In Toy Story 1, we searched for identity (am I a toy? Whose toy am I?). In 2, we observed belonging (where is our home?). In 3, there was hierarchy and a struggle for order (why do we serve children or other toys?). Finally, we have found existentialism. Why do we even exist? Sporky did not wish to be made. Woody did not wish to be gifted away. Bo Peep did not wish to be sold. These are toys that were placed in environments that removed their notion of identity, belonging and order. Woody is no longer Andy's. If he can be a toy for any child, why isn't he a toy for more children? We've seen Woody be tossed around the most, between being replaced (Buzz), discovered (Jessie and Stinky Pete), and even the face of death (the toy that leads the charge into the furnace).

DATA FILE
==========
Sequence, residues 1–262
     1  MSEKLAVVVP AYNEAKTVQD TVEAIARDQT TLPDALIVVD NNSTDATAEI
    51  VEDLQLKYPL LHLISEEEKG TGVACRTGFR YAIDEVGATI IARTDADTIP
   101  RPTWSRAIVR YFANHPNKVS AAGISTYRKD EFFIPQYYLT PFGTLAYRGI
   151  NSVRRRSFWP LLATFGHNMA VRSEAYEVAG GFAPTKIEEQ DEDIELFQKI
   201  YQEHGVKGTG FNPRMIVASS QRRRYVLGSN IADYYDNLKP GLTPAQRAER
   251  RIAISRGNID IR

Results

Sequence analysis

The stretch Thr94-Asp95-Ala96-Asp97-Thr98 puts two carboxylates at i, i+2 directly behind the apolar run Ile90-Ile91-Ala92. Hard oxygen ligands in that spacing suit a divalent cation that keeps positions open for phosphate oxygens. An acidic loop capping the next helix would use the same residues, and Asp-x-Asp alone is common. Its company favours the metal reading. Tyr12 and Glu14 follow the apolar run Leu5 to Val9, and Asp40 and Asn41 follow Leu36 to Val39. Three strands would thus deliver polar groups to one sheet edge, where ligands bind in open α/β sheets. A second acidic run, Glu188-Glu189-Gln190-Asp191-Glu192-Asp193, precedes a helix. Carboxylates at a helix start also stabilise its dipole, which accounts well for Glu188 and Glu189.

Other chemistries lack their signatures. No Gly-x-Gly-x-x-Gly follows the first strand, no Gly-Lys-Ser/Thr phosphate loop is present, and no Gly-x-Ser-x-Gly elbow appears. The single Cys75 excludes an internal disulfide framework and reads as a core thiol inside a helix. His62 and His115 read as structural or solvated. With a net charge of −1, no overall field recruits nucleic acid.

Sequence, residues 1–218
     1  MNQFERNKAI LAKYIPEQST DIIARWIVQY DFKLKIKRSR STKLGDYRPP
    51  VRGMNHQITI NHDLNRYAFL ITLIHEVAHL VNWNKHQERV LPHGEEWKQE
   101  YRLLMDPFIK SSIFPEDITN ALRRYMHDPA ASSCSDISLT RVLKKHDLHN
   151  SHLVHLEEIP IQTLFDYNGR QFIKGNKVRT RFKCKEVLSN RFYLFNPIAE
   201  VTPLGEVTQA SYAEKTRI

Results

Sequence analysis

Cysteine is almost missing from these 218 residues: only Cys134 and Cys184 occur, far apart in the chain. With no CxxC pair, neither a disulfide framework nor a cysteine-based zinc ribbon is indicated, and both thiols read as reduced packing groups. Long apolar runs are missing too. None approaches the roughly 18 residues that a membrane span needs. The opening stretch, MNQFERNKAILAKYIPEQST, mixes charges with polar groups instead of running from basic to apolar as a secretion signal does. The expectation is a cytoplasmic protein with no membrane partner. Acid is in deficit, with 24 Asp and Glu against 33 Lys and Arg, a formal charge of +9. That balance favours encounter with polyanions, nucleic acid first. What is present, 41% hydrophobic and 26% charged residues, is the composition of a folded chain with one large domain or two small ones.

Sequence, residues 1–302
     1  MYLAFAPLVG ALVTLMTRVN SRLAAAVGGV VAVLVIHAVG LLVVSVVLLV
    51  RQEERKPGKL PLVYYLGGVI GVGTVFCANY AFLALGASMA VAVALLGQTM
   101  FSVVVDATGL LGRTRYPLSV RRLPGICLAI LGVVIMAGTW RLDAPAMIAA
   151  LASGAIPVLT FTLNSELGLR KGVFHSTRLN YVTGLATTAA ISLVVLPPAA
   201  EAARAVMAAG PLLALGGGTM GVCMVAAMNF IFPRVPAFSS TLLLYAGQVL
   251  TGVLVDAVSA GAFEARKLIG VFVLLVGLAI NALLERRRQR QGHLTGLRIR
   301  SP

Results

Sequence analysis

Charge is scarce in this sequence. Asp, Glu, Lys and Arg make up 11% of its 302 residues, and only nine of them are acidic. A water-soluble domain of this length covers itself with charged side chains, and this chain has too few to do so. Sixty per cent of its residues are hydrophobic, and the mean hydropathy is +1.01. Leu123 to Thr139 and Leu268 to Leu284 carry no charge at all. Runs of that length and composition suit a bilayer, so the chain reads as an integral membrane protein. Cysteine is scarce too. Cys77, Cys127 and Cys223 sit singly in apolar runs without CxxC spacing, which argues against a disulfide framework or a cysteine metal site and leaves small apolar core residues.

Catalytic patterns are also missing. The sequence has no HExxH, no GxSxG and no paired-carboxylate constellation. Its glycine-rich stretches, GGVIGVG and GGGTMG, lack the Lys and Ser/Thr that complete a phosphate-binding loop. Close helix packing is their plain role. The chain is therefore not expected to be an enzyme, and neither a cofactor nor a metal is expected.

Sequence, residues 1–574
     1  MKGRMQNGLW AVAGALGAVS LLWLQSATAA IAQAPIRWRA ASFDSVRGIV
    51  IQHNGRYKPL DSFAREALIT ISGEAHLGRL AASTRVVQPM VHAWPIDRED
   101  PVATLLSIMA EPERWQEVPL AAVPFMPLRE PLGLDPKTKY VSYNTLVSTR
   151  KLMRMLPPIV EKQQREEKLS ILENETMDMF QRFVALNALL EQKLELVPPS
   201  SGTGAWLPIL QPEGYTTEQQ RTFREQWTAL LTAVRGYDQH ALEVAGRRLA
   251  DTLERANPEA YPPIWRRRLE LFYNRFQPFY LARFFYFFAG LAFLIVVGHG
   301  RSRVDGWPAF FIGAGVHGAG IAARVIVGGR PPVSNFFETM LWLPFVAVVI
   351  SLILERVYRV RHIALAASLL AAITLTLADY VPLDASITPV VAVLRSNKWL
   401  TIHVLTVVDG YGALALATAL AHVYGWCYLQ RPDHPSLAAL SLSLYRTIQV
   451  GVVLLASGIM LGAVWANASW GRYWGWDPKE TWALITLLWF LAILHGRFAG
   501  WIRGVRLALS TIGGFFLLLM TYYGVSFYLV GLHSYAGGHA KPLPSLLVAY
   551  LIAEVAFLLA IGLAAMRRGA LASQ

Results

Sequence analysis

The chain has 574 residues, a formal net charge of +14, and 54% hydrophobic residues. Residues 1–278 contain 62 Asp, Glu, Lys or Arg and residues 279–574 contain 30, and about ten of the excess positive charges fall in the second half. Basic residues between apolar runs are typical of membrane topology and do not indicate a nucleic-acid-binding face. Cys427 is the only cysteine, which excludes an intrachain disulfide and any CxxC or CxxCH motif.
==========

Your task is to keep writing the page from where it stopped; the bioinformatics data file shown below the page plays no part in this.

This is because Andy's first favourite toy was Woody. Andy cared about where Woody was as a child, and what happened to him as an adult. Toy Story 4 exists, because it is only natural that Andy will think about the toys in their new home. Why is a kitchen utensil only alive when it becomes a toy? Because this is a toy story: the opportunity to be children again where our play things could interact with each other through our imaginations. This is clearly through an imaginary perspective, not even in a metaphorical sense; this is an animated feature created by adults showcasing a magical world through the eyes of dolls and figures.